The House at No. 3

Out of the Cave

                Seventeen years ago
     a roar engulfed
the singing pines -
       countless breaths exhaling
         the needle sting of smoke.
They stood in shredded funeral garb
    flinging glowing ember flowers
onto us below.
    They witnessed our
         syncopated falling
  and the operatic scream
    of twisting steel,
         the cymbal crash
  of exploding windows.
                We knelt prostrate
         before the fire
bowed and broken:
    an army in black surrender.

Up on the hill, now
   between the sleek sheets
 of glistening modernity
          and long embedded gardens,
    I am still here.
The run-away grass
       (that feathered doom)
           tickles my concrete pad.
     The triad tongues 
of fire, water & tanin
      have left printed shadows
   and the jagged prod
     of steel beams into nothing 
            is my toothy skyline.
The house that was.

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20 thoughts on “The House at No. 3

  1. You do a good job of showing us what the experience was like to be that close to a raging and killing fire. I imagine the pine tar is very flammable and made it even worse. This sounds so terrifying:
    “flinging glowing ember flowers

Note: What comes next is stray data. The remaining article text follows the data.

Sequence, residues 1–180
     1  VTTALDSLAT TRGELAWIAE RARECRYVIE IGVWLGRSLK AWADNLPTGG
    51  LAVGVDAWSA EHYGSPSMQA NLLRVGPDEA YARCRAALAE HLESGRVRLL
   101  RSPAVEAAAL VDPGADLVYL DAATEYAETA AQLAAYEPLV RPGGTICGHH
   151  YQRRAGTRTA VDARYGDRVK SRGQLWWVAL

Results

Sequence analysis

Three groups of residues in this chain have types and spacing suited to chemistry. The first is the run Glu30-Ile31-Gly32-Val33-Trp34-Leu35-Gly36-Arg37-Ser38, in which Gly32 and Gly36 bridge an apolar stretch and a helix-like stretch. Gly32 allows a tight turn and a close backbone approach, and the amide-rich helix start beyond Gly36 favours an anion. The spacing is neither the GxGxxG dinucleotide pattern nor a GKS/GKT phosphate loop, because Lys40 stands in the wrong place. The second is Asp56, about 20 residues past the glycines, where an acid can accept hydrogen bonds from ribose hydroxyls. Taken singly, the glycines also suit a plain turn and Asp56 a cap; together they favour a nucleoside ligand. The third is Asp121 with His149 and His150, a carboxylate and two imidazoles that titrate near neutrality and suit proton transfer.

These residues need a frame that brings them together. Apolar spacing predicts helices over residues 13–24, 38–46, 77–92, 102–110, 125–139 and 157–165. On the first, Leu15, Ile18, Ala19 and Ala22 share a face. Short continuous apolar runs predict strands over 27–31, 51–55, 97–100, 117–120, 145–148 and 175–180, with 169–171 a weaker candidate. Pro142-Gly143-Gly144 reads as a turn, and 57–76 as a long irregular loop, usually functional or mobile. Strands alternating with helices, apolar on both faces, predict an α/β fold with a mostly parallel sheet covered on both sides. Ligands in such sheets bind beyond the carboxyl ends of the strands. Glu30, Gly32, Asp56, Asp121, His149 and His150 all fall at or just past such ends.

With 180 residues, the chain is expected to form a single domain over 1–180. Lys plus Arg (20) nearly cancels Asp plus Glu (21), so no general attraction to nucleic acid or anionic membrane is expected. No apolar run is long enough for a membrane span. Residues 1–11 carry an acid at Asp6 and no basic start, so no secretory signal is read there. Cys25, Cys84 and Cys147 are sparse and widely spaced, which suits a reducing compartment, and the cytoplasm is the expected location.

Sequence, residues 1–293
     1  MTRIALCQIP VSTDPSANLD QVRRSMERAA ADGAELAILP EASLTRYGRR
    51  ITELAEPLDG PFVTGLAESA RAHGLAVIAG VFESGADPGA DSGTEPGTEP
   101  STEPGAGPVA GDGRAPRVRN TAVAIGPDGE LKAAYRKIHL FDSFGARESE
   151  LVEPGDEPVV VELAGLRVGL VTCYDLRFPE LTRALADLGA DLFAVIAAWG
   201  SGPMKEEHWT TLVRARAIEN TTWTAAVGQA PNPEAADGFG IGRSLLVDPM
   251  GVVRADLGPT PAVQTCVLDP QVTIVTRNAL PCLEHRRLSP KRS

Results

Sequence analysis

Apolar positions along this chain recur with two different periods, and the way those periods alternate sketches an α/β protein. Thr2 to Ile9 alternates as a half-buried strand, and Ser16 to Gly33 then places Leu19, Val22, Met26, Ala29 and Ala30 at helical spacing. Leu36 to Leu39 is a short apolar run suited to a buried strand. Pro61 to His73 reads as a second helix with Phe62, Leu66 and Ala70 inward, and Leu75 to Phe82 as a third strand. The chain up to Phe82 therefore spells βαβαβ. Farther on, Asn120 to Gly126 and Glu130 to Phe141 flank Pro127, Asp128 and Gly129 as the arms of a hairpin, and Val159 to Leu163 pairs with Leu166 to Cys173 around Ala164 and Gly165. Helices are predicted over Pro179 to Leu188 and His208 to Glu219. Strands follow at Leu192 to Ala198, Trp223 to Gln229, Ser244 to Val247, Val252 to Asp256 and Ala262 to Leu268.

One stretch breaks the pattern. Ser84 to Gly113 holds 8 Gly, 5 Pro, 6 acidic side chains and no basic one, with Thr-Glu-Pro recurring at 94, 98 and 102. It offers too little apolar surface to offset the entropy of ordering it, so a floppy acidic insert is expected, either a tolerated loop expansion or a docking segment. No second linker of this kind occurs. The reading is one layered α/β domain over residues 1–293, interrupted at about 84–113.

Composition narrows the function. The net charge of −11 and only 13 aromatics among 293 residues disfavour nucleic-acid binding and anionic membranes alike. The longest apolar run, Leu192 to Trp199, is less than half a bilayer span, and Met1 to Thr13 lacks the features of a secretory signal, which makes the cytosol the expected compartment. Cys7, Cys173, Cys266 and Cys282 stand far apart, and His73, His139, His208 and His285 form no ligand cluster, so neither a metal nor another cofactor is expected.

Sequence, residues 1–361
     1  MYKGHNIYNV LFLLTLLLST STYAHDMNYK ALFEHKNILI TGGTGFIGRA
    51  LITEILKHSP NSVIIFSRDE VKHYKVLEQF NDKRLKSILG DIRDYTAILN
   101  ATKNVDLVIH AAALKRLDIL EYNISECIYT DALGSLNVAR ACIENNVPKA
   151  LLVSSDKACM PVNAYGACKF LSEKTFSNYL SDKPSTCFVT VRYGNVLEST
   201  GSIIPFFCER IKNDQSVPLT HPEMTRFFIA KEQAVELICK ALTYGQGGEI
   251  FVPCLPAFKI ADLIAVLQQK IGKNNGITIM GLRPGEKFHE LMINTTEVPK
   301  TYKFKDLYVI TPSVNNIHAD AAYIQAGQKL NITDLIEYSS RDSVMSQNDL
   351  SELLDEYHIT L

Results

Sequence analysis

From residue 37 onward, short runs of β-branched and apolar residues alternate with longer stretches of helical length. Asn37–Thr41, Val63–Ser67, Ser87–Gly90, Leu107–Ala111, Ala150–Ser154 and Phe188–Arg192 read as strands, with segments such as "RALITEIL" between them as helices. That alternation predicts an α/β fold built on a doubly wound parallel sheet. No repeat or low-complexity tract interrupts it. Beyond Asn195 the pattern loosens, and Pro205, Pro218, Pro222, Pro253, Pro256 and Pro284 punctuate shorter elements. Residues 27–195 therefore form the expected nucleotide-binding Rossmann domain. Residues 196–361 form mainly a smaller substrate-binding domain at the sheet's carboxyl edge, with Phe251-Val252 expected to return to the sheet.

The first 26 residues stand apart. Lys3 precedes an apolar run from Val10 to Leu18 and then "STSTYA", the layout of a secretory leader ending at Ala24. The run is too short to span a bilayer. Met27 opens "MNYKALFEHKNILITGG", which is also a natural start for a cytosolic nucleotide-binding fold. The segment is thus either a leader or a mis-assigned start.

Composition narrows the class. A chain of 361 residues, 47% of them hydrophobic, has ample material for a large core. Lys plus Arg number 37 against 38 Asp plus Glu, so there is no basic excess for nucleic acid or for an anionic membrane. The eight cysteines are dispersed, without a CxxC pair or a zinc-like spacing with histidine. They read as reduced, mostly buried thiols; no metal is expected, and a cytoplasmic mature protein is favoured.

onto us below.”
    I’m sorry you lost your house but am so happy you survived.

    Liked by 1 person

    1. Thank you for your kindness. But this was not my house. I saw the burned remains on a walk with the dog and was shocked that, 17 years later, the site remains untouched, while around it people have rebuilt grander and more modern houses. I was in Melbourne that January day… actually I was on a bushwalk in the Dandenongs (mountains, unless you’re Billy Connelly. 😂). But I remember it well because my boyfriend – now husband was in Canberra and I was surprised he hadn’t called me for my birthday). When I found the reason, I was just glad he was okay.

      Liked by 1 person

      1. You imagined it very well. What a haunting reminder for the neighbors that the site remains untouched! I’m glad he was safe through the fire.

        Frank Prem wrote a book about the wildfires in Australia a few years back, poems based on conversations he had with survivors. It’s called, “Devil in the Wind.”

        Liked by 1 person

  2. I love how your ghost is the house itself, its voice woven of fire’s memory in what was left. A tragedy for the occupants but something wider or longer or both for the space once domicile now weeds. I immediately thought of the small village in Idaho where my first wife grew up, a space in a field where there was only the foundations of a house that burnt decades ago. What a voice to hear and how well you channel it.

    Liked by 1 person

  3. This is so topical and evocative. There are so many of these fire scarred and destroyed houses now. Our Australian fires last year and those around the world this year suggest many more to come. We thought we were accustomed to it, but now it is scary on a whole new level.

    Liked by 1 person

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